On-set lighting and reflections for Virtual Production in Unreal Engine.
In this post Director of Virtual Production Asa Bailey gives his views and a comparison between various methods for creating realtime reflections on set and why he favours those methods that will still give him options in post.
At this years NAB there was a bit of a battle brewing with some folks claiming that their new “final pixel” virtual screen walls would make green screen shooting and in fact post production a thing of the past. I don’t think so, but I have used both on set in virtual productions, I’d say they are both valid options for shooting. It’s about using the right tool for the shot.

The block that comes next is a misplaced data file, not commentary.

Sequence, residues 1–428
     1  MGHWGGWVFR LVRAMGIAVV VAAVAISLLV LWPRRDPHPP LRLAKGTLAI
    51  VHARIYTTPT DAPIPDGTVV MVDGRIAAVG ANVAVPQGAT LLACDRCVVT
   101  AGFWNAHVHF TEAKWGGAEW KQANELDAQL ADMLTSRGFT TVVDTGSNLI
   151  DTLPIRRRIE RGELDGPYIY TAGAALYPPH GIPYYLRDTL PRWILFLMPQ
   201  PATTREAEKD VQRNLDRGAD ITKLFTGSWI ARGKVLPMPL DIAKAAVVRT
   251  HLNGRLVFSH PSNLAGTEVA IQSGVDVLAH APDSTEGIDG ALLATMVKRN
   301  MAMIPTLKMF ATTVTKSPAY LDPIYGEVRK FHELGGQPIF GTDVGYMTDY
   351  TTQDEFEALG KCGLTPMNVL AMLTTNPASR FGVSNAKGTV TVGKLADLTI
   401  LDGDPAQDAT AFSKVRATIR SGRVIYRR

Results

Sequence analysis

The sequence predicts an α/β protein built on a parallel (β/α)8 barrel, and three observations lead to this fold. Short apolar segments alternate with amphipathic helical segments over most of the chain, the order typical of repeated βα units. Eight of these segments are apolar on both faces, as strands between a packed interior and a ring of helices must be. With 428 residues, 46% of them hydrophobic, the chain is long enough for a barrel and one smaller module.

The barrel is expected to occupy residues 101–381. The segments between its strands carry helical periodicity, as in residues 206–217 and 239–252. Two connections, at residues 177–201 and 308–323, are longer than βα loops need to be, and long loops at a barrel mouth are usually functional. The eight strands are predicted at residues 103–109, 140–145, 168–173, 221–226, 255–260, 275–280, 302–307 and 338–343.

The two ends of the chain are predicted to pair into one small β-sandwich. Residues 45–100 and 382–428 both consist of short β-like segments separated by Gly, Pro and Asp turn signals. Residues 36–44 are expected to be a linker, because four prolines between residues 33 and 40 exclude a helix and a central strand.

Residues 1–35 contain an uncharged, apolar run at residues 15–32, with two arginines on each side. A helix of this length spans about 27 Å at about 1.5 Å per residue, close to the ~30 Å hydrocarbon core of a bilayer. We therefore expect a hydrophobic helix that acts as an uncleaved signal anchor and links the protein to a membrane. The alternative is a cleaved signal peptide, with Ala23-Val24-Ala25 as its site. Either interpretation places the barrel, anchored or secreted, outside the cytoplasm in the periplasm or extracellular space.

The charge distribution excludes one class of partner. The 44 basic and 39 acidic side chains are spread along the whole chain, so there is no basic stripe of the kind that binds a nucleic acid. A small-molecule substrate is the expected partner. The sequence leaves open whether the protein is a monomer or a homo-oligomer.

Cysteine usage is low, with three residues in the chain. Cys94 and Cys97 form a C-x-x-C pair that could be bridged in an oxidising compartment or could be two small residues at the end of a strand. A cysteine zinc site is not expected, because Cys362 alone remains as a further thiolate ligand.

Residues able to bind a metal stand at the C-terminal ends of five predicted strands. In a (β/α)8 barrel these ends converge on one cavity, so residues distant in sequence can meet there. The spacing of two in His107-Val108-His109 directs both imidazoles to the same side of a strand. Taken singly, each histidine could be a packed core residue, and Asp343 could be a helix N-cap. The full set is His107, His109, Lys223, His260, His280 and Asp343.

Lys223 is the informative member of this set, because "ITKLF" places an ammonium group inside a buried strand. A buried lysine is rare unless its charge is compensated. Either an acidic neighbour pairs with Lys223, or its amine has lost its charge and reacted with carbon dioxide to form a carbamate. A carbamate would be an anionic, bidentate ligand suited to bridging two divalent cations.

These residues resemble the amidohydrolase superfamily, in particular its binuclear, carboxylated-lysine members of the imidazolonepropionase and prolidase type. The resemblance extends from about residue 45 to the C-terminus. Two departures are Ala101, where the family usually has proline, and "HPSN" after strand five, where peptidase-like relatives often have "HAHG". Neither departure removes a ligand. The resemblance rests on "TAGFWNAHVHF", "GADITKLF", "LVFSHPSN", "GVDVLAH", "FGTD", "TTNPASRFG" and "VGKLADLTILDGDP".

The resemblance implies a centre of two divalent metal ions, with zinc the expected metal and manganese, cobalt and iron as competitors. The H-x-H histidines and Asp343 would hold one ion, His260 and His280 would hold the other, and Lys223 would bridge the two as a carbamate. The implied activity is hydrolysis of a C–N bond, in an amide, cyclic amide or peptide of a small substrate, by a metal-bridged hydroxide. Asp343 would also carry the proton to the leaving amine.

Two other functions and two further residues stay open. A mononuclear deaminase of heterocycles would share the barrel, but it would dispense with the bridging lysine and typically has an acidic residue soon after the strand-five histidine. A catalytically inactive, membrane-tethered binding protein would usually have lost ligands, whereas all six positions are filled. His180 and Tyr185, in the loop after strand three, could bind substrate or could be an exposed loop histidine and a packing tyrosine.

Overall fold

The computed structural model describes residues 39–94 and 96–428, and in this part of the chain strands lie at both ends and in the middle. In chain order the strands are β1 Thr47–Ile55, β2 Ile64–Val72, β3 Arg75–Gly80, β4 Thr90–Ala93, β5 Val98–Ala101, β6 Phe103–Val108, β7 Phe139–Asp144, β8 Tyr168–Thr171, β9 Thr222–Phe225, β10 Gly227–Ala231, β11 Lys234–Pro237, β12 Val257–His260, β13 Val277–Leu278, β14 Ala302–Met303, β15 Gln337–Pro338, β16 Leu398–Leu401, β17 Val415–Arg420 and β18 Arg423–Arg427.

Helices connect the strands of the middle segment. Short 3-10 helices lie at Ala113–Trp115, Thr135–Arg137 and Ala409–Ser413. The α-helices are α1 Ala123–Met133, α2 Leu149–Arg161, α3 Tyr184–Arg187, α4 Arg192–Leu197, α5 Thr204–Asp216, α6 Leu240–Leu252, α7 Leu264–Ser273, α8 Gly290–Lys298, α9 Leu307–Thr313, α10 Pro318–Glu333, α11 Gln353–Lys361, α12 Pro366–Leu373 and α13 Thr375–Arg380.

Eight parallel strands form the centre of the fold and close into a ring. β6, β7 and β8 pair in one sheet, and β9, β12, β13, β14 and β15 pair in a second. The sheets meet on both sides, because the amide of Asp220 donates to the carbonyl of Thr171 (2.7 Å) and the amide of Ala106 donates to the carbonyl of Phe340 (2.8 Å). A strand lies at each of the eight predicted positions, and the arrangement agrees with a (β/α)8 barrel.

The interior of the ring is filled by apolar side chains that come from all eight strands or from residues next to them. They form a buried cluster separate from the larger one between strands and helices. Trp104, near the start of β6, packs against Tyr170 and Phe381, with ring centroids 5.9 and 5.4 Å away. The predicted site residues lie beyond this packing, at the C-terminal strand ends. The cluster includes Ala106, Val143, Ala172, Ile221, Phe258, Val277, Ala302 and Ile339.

In my view, the big problem with virtual wall technologies is that the footage is “baked” in camera and sold as “final pixel” just as they guys say in this video, and this leaves a lot less, if any options for layered work (post VFX passes) in post.
But to their credit Virtual Walls do give amazing reflections, to faces, eye’s and highly reflective surfaces (glass, paint, mirrors etc) as show in this demo from UE and Stargate Studios who’s done work on some big projects, so they do know a thing or two about VFX.
But they sing the praises of ‘final pixel” in camera is king for both creative and financial reasons. But come on guys, you know as well as I do that in the real world, in the reality of working in a studio pipeline, with studio Producers, Agencies, Talent and god knows who else who wants to have an input in to the final product, loosing the option to post process shots is too big a risk for Producers.